- Invest 92L is likely to become a tropical cyclone within the next 24 to 48 hours.
- It is likely to become a tropical storm, and at that point will be named Barry.
- 92L poses a serious threat to Louisiana and Texas, with a hurricane landfall predicted by most models.
- The expected peak is predicted to be a mid-grade category 1 hurricane, although further intensification is possible.
- If designated, Barry will be the first storm in the basin since Andrea in May.
- If a hurricane landfall occurs, it will be the first July hurricane landfall in the CONUS since Arthur in 2014.
GULF COAST — Invest 92L emerged into the Gulf of Mexico this morning, and signs of organization have already begun. Although the invest remains fairly disorganized at its core, strong convection has sprouted around the low-level center. The National Hurricane Center (NHC) expects fairly rapid development, with a 90% chance of tropical cyclone formation in the next 48 hours.
The general intensity model consensus is that the storm, if it does develop, will peak as a strong tropical storm or weak category 1 hurricane prior to landfall, before weakening as it begins to move inland near the Louisiana/Texas border. The track still remains somewhat uncertain, however. Models continue to shift westwards and eastwards with landfall location, although the general consensus today has been a central Louisianan landfall, rather than the eastern Texas solution shown by most major models yesterday.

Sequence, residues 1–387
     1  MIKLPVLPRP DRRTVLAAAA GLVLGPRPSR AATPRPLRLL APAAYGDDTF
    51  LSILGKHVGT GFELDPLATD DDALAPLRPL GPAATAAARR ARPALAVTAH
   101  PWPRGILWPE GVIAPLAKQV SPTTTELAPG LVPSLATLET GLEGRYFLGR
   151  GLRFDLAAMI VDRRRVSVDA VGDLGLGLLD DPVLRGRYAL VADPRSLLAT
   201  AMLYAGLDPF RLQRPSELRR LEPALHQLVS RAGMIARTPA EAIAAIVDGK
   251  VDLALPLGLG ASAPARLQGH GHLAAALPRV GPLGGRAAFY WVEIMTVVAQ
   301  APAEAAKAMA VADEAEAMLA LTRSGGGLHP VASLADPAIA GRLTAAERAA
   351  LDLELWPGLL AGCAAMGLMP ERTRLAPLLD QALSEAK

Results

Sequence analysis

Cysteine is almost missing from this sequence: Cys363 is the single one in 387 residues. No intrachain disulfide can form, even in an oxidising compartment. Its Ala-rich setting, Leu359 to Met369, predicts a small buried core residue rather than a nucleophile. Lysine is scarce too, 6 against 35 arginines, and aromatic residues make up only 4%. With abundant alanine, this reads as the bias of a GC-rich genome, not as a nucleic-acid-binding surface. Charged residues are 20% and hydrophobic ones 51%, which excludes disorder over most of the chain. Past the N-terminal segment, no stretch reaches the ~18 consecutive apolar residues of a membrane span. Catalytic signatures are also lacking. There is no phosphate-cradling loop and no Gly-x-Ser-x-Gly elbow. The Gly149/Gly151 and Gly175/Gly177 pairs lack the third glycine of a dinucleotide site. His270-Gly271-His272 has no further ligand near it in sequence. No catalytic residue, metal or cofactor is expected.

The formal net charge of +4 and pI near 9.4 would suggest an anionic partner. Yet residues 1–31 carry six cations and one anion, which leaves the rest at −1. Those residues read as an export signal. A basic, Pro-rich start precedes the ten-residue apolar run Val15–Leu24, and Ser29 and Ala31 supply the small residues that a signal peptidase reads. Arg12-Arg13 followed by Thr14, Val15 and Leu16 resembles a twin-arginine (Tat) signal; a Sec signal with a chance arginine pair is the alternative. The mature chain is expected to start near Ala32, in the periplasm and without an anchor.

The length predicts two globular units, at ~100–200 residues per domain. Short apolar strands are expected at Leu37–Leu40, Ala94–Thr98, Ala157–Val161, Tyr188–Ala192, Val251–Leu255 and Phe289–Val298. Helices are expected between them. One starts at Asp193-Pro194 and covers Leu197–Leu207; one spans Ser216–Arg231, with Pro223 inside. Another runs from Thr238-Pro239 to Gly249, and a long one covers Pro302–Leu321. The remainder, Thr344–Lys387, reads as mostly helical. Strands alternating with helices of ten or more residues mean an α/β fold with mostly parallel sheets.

Although the storm may form soon, intensification is not shown by most models until the storm is approaching landfall. The most aggressive of the hurricane models as of the 18z run is the HWRF, which rapidly intensifies 92L into a powerful 125 mph category 3 hurricane moving inland into central Louisiana. However, this is quite unlikely, and most models, such as the GFS and HMON, show a weak hurricane landfall.
All residents along the entire Louisiana Gulf Coast and the eastern Texas Gulf Coast need to remain vigilant and pay close attention to the storm. Although we are just days out from landfall, confidence remains low on track and intensity, and the situation may look entirely different by tomorrow morning.
Along with high wind and storm surge, the NWS anticipates a serious inland flooding threat from 92L as it moves slowly inland and dumps heavy rain. People in the path of the storm need to prepare for a possible hurricane landfall and heavy rainfall.
For information, monitor the National Hurricane Center as well as their official social media outlets, your local NWS office and emergency management, and watch Force13’s daily updates, live shows, and Tropical Weather Bulletins that will be issued everyday until the storm dissipates on their YouTube channel.